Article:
Background: Harmane (1-methyl-9H-pyrido[3,4 b]indole) (HA) is a potent neurotoxin that has been linked to two neurological diseases, essential tremor and Parkinson's disease. Blood harmane concentrations [HA] are elevated in patients with both diseases. An important question is whether HA is specifically linked with these diseases or alternatively, is a non-specific marker of neurological illness. Objectives: We assessed whether blood [HA] was elevated in patients with a third neurological disease, dystonia, comparing them to controls. Methods: Blood [HA] was quantified by high performance liquid chromatography. Subjects comprised 104 dystonia cases and 107 controls. Results: Mean log blood [HA] in dystonia cases was similar to that of controls (0.41±0.51g-10/ml vs. 0.38±0.61g-10/ml, t=0.42, p=0.68). In unadjusted and adjusted logistic regression analyses, log blood [HA] was not associated with the outcome (diagnosis of dystonia vs. control): odds ratio (OR)unadjusted=1.11, 95% confidence interval (CI)=0.69-1.79, p=0.68; ORadjusted=1.07, 95% CI=0.58-1.97, p=0.84. Conclusions: In contrast to the elevated blood [HA] that has been reported in patients with essential tremor and Parkinson's disease, our data demonstrate that blood [HA] was similar in patients with dystonia and controls. These findings provide the first support for the notion that an elevated blood [HA] is not a broad feature of neurological disease, and may be a specific feature of certain tremor disorders.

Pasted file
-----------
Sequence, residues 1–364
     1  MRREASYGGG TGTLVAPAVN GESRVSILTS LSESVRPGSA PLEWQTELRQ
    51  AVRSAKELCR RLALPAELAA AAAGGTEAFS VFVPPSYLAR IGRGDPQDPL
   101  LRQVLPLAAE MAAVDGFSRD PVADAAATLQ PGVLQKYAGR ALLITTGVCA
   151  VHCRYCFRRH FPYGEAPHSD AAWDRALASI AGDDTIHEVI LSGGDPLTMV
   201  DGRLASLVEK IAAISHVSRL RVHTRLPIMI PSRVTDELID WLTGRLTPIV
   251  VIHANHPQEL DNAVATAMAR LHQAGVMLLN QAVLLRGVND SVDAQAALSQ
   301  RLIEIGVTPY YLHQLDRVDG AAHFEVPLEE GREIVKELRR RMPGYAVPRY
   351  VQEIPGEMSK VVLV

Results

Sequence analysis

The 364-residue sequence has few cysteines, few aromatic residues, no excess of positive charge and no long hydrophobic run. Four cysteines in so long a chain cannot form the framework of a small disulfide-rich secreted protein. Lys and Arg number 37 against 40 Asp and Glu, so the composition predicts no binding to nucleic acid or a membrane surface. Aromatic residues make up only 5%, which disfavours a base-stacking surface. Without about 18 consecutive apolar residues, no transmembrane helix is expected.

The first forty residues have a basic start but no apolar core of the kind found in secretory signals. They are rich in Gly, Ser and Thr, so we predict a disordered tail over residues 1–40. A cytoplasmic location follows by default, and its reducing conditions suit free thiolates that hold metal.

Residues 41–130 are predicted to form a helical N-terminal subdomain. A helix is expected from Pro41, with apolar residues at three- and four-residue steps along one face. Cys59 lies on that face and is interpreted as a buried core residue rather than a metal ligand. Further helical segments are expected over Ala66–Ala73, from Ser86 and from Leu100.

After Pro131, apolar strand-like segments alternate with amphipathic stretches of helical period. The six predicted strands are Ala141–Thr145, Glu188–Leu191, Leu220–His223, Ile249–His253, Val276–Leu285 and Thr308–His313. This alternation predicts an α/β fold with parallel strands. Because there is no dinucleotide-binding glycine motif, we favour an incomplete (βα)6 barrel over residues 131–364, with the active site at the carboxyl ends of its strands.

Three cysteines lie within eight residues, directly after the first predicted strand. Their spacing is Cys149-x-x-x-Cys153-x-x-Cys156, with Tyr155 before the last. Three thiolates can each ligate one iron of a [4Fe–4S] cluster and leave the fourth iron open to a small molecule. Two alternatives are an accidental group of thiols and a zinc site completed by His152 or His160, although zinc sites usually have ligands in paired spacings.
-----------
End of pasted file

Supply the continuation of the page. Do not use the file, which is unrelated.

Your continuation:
- Neurological disease
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